September saw a fascinating debate in the House of Lords on the reduction of single-use plastic products. The debate concerned a provision in the forthcoming Environment Bill (the UK’s flagship piece of post-Brexit environmental legislation) that allows for charges to be levied against sellers of single-use plastic items. Discussions focused on the need to move away from a “throwaway culture” more widely, as well as the importance of taking into account the use (and impact) of replacement non-plastic single-use products.
Putting forward an amendment to the Bill, Baroness Jones of Whitchurch asserted that “the switch from plastic to single-use alternatives made from wood, paper or compostable materials is already happening, even when reusable options are already available. Far from helping to save the planet, these materials risk adding to our carbon emissions and depleting precious materials and forests”. Quoting Green Alliance statistics, Baroness Whitchurch added: “switching consumption of plastic packaging to other materials used for packaging could triple carbon emissions”. Reference was also made during the debate to a 2018 study by the Danish Ministry for Environment, which found that “a paper bag would have to be used 43 times to have an overall impact lower than that of the average plastic bag”. All points that will no doubt resonate with many in the plastics industry.
It was announced yesterday that the relevant amendment was to be accepted, and looks set to survive into the final text of the Bill. As COP26 approaches, and all minds turn to the climate crisis and carbon reduction, this is a timely reminder that an holistic and considered approach to environmental legislation is required. While quick wins on headline-grabbing issues (such as reducing single-use plastics) are certainly welcomed, they cannot be pursued independently of more macro issues, such as the continued development of circular economy mechanisms or action to control CO2 emissions.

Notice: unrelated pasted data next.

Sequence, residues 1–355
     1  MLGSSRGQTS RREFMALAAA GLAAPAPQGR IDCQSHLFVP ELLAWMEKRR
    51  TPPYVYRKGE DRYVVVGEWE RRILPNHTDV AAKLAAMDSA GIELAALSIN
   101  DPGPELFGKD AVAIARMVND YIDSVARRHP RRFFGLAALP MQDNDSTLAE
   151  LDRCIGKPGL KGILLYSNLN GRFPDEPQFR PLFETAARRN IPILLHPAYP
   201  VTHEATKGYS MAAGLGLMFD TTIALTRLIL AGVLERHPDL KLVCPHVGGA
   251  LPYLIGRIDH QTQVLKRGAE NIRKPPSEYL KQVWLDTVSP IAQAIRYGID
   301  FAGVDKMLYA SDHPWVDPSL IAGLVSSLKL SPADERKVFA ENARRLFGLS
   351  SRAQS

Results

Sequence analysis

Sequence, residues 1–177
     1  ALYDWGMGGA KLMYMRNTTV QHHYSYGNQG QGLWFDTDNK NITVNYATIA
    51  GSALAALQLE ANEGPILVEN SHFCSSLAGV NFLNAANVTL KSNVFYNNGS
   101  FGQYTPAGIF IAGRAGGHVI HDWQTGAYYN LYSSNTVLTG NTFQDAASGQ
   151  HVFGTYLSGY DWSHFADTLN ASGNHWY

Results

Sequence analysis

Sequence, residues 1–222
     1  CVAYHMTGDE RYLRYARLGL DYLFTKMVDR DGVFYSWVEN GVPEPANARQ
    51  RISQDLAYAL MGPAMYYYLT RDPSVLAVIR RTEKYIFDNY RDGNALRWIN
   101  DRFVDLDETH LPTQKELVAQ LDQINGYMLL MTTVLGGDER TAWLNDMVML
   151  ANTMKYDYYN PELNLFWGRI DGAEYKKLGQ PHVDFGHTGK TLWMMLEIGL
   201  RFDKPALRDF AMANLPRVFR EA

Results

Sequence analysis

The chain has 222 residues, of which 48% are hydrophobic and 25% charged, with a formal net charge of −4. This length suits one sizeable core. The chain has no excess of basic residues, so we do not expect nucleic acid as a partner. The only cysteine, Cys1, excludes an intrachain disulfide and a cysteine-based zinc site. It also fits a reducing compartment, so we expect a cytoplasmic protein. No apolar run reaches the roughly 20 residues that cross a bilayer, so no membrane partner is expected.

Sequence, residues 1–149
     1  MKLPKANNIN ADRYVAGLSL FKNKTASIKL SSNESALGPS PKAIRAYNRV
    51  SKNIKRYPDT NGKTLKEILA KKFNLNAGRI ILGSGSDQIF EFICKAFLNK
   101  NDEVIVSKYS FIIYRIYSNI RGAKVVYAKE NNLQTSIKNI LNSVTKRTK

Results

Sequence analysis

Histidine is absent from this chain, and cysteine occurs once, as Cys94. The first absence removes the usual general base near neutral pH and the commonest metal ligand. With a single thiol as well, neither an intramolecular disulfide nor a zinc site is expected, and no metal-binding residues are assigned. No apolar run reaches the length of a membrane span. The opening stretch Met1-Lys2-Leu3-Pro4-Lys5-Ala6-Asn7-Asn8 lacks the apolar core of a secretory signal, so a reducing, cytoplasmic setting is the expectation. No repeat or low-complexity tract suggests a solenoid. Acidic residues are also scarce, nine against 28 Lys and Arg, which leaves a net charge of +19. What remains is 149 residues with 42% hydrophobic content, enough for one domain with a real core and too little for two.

For those tracking the progress of other parts of the Bill, it should be noted that the single-use plastic amendment was only one of many amendments put forward by the Lords, the vast majority of which look likely to be rejected. However, with Ministers presumably still keen to drive the Bill through Parliament within the COP26 window, it will be fascinating to see what further measures may find a place in the new Bill during these final stages.
This is a simple but important amendment. It goes to the heart of the throwaway culture. There is a real concern that an inability to charge for single-use alternatives to single-use plastic might see the market switch to those alternatives rather than driving down consumption.